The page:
Scannell ready for Exeter's attacking threat in shootout
‘We’re under no illusions as to what waits for us on Saturday,’ admits Munster centre
Munster’s Rory Scannell in action against Gloucester’s Danny Cipriani and Ed Slater during his side’s victory in Kingsholm Stadium. Photograph: Dan Sheridan/Inpho
When the fixtures for Pool 2 of the Heineken Champions Cup were first unveiled, it seemed inevitable that all roads would eventually lead to Thomond Park in one of those time-honoured Munster European storylines.
The anticipated plot line had veered off course half way through this most competitive of pools after Exeter’s unexpected defeat at home to Gloucester. That left them on three points, nine adrift of Munster. But successive bonus-point wins, away to Gloucester a week later, and then last Sunday at home to Castres, ensures they come to Limerick four points adrift.
A bonus-point defeat could see Munster squeeze through in a somewhat undignified manner, but to all intents and purposes, this is a winner-takes all quarter-final play-off.
That’s the way both sides will be looking at it. Munster have qualified for the knockout stages 17 times, the most of any team, and have only missed out in three of the last 20 campaigns. A province expects.
“Yeah, definitely,” agreed Rory Scannell. “It nearly feels like the norm, that you have to get out of your group and a lot of the squad that are here at the moment experienced those two years recently when we didn’t get out of the group and they were disappointing times.
“I think we’ve bounced back massively over the last two seasons to get to two semi-finals. So, it’s going to be very important for the club and it’s definitely going to be a tough task against a strong Exeter side who probably didn’t think a couple of weeks ago that they’d be in a position to top the group. But the way the games have gone, it’s pretty tight and it’s just going to be a straight shootout on Saturday.”
Accordingly, Munster have remained very much in Heineken Cup mode this week.
“There’s been a bit more bite in training,” admitted Scannell. “It’s such a competitive squad, and when lads aren’t in the mix, they drive training on. They want to be in that match-day 23 as well and they show that in training. Quality opposition in training is very important going into a big game like this.”
They would all have watched the manner the Chiefs scalped Castres on Sunday at Sandy Park, which in turn would have whetted Munster’s appetite and ensured the requisite level of fear cum respect.
In particular, Jack Nowell’s return for his first game since October 20th after injuring his hamstring with England provided another dimension to Exeter’s attack.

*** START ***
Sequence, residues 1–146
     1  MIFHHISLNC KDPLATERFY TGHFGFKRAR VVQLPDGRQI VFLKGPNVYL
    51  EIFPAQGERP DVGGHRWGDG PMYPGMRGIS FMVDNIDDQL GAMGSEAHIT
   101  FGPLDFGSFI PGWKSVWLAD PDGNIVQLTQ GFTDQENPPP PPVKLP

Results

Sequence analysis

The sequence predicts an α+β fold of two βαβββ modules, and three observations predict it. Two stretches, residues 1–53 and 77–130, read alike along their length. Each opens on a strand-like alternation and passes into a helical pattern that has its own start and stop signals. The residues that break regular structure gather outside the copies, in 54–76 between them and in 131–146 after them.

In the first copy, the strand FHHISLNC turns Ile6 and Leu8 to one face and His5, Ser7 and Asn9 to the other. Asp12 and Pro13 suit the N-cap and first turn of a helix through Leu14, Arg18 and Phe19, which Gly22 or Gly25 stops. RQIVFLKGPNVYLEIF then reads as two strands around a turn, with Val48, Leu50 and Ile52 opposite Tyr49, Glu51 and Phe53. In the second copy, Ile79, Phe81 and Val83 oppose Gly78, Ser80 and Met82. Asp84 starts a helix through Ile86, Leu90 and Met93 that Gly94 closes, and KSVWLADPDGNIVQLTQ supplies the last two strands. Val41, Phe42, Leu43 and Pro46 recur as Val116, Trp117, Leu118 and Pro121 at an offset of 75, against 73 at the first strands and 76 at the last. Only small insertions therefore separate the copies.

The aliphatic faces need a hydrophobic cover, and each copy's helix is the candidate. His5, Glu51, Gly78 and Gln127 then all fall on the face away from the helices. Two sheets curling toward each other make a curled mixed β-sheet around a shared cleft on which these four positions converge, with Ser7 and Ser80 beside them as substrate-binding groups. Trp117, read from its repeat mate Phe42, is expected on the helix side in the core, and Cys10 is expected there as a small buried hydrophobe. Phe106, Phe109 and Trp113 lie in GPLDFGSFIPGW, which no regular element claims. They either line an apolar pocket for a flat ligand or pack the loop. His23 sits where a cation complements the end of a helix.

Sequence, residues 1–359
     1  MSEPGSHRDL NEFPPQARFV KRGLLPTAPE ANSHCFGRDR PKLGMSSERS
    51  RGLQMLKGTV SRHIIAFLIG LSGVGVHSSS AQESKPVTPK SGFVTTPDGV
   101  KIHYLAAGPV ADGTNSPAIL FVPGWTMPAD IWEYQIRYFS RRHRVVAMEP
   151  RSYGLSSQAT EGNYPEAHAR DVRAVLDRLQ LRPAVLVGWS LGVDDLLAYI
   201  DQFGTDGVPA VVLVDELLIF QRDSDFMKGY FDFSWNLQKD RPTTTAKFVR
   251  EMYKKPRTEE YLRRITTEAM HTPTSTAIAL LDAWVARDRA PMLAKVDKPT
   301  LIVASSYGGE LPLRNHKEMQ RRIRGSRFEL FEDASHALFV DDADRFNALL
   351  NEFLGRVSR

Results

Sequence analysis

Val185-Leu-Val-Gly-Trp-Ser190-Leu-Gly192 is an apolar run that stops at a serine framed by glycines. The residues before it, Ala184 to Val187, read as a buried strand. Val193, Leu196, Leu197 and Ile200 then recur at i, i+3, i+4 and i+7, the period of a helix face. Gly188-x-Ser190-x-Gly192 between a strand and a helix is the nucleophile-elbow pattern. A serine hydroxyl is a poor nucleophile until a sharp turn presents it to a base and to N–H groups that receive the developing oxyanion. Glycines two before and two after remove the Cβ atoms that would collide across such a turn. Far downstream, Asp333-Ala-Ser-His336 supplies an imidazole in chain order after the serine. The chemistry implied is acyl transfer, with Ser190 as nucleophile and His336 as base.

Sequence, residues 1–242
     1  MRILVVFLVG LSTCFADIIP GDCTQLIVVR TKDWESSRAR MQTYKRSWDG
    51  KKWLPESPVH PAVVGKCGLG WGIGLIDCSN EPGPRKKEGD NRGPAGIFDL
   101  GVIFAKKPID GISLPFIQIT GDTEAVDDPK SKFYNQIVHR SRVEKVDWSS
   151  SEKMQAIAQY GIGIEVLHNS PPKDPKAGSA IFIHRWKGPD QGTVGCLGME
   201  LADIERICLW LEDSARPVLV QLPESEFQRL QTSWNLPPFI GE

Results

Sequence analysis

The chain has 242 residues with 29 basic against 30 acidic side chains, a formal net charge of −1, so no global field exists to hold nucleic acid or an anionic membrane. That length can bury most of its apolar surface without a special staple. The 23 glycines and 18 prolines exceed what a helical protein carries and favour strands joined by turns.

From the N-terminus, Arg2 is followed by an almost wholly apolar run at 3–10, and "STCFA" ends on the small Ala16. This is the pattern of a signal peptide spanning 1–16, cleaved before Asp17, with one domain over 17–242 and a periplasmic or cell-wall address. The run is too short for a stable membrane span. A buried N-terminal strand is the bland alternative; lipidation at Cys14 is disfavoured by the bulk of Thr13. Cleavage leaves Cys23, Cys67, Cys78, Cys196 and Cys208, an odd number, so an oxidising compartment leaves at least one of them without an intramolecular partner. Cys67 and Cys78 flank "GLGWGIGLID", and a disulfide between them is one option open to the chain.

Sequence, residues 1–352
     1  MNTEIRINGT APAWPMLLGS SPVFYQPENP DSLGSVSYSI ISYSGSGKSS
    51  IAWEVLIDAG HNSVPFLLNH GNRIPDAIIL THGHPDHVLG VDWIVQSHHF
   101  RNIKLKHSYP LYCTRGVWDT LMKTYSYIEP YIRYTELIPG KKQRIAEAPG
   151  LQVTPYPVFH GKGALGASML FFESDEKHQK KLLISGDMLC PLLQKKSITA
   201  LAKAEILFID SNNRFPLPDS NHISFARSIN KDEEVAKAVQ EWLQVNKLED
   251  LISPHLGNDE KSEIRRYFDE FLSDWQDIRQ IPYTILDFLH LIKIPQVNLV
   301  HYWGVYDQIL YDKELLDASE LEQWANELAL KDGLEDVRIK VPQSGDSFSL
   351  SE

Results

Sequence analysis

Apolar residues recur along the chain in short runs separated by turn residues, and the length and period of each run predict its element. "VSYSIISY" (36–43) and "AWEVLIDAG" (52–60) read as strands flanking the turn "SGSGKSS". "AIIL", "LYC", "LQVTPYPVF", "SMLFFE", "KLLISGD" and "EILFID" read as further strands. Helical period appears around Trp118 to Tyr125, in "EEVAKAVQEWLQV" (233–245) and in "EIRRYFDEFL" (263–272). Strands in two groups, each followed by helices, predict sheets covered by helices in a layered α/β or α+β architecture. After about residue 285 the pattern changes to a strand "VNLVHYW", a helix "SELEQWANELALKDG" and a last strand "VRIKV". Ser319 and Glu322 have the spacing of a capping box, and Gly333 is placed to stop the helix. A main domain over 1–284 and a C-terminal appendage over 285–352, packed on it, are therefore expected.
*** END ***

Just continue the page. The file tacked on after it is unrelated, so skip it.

Few wingers look for the ball as much as the elusive Nowell, and playing at fullback his roving threat was even more pronounced against Castres, beginning with his solo try from the base of a ruck within the first three minutes. Rob Baxter could even remove Nowell after 50 minutes with the game won.
“They were very impressive,” Scannell conceded, and noted Nowell’s return and “outstanding solo try”.
“They didn’t give Castres any chance with the way they attacked. There was so much momentum in their attack and they finished some quality tries. Even at times when there were lapses in concentration, and Castres broke them down once or twice, they never really looked like they were going to lose that game. There were a couple of kicks missed so the margin could have been even bigger. We’re under no illusions as to what waits for us on Saturday.”
Against that, Munster’s own attacking game has been boosted by the return of Chris Farrell, and Joey Carbery’s increasing confidence. Scannell’s strong running and defending, and left-footed game, provided the balance in between against Gloucester. Munster’s most impressive attacking game against frontline opposition this season was also the first time Johann van Graan fielded this 10-12-13 combination.
Of Farrell, Scannell said: “His physicality is massive but he’s also a very good ball-carrier, his skills are phenomenal. When you have a threat like that outside you, he tends to take the defenders away from me, which is great.”
Having played at outhalf for much of his school days, Scannell likes to give Carbery good communication from outside.
“I try to tell him where the space is and when you tell him where the space is he’ll more than likely be able to take it.
“I think he’s playing unbelievable rugby. He had a disappointing day in Castres but since then he is playing some of the best rugby of his career so far and I think he’s really starting to enjoy it. He’s going to be very important to our season.”
Scannell was particularly impressed with the way Carbery responded to an off-day in Castres.
“He’s just been so calm under pressure,” said Scannell. “He’s got all of his last 17 kicks since the Castres game, and that shows great character after having had a disappointing day off the tee in a big European game. There was only a point in it at the end but since then I don’t think he’s put a foot wrong really. He’s had two man of the match awards since, and that shows great character.”